- While the total incidence of Covid-19 infections for southern Africa has been less than that of the global north, the economic impact of the pandemic on the region has been significantly harsher.
- The tourism sector, across SADC countries Namibia, Botswana, Zimbabwe and South Africa has been hard hit by the Covid-19 pandemic, research shows.
- However plans to revive economies have lacked innovation, says an economist.
While the total incidence of Covid-19 infections for southern Africa has been less than that of the global north, the economic impact of the pandemic on the region has been significantly harsher, according to an economist.
Independent non-profit economic research institution Trade & Industrial Policy Strategies (TIPS) on Wednesday hosted a virtual dialogue on the economic impact of Covid-19 on the Southern African Development Community (SADC).
TIPS senior economist Neva Makgetla, who provided an overview of the impact on the region, indicated that the region is expected to recover from the economic impacts of the pandemic by 2022.
The International Monetary Fund sees the sub-Saharan Africa region, of which SADC is part, rebounding to 3.4% in 2021, up from a contraction of -1.9% reported in 2020.
SA's economy recovered with growth of 3.1% in 2021, following the contraction of 7%.
Echoing the IMF's findings, Makgetla indicated that the tourism and hospitality sector in the SADC region was also hard-hit.
Social activities 'risky'
"What has been hard-hit is anything to do with hospitality - bars and restaurants, cultural services and related activities," said Makgetla. Demand for these services has come down, not just because of restrictions, but because social activities are perceived as risky during a pandemic. "It is easy to blame restrictions but the fact is, people do not use these services when in a pandemic."
Transport and international travel were also heavily impacted.
Klaus Schade, an independent economic analyst in Namibia, noted that the country remained on Europe's red list for international travel during the pandemic. While tourists do not have to quarantine when they come to Namibia, they have to quarantine when they return home - and this is a deterrence for travel, Schade explained.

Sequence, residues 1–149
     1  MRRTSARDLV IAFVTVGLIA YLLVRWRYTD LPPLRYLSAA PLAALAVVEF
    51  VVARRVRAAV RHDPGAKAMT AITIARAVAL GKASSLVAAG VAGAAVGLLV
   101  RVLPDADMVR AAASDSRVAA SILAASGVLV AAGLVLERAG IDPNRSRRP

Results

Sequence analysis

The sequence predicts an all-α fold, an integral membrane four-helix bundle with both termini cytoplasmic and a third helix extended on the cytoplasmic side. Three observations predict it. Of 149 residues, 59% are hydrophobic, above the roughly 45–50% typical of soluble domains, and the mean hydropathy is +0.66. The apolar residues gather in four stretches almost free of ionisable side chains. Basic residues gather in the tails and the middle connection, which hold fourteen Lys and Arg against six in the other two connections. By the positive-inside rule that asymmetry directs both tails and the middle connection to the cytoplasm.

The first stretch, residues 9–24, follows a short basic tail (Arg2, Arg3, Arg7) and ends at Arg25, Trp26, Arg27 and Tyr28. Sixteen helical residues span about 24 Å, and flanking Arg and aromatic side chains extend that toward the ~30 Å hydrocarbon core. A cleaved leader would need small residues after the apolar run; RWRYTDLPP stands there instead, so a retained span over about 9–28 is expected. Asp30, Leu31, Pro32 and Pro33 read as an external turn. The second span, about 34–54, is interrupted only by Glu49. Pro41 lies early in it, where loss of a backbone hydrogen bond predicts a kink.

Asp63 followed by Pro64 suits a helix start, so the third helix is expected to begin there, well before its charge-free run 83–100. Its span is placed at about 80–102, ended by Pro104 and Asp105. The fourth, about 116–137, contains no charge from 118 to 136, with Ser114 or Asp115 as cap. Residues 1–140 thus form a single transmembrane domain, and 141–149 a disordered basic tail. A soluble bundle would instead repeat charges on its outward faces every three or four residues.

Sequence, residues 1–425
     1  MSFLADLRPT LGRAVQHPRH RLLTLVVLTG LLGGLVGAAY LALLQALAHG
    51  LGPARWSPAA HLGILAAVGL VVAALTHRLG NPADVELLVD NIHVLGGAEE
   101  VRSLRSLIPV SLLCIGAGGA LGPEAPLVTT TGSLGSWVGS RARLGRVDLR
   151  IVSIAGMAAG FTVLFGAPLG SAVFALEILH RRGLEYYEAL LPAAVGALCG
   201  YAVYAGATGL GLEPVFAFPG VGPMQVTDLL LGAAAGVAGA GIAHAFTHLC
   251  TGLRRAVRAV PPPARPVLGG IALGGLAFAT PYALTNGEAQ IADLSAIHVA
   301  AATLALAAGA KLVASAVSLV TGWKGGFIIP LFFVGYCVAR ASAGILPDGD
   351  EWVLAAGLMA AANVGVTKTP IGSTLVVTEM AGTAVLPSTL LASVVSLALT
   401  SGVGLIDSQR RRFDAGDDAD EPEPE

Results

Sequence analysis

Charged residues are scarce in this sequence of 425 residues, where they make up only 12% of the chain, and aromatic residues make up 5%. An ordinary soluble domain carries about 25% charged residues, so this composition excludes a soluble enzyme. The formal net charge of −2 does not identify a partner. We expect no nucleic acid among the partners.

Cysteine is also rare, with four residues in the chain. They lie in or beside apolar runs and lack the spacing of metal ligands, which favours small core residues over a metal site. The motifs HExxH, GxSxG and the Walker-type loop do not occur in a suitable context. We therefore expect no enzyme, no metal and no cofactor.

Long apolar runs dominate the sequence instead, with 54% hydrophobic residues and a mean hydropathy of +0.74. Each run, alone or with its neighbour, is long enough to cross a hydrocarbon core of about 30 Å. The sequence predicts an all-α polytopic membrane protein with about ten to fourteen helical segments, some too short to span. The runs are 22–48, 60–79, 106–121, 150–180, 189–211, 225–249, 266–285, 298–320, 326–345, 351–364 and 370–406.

The Namibian economy contracted by 8% - at a per capita income basis this was -97.7%. The hardest-hit sectors were hotels and restaurants - having contracted by 33.1% due to border closures impacting international tourism, Schade explained. Tourism-related sectors such as tour guides, tour operators and car rentals were also negatively impacted.
Second wave was 'vicious'
Gibson Chigumira, executive director of the Zimbabwe Economic Policy Analysis & Research Unit, described the second wave of the pandemic as "vicious". The pandemic hit Zimbabwe at a time when its economy was facing "devastating impacts" of climate shocks associated with the drought and Cyclone Idai. Zimbabwe felt the impact of supply chain disruptions.
The negative impact on its mining sector was counterbalanced by firming of international mineral prices and support measures of the country's stimulus package. The tourism sector was worse off, having been closed for five months between April and August 2020 to reduce the spread of the virus, adversely affecting its performance, he explained.
Botswana's heavy dependence on diamond exports and overseas tourism made it vulnerable to weak global demand and travel bans, explained Itumeleng Mokoena, an intern at TIPS. Botswana's economy contracted 6% in 2020.
Makgetla observed patterns in the region - such as a decline in revenues and GDP during 2020 with most countries trying to reverse it in 2021. There's been an effort to support people and small businesses with cash flows,
Most countries have developed economic recovery and infrastructure programmes, but Makgetla said that they are hardly different to existing policies and projects. "There's no serious innovation in policy. If they weren't working well before, it makes you wonder how they will work now," she said.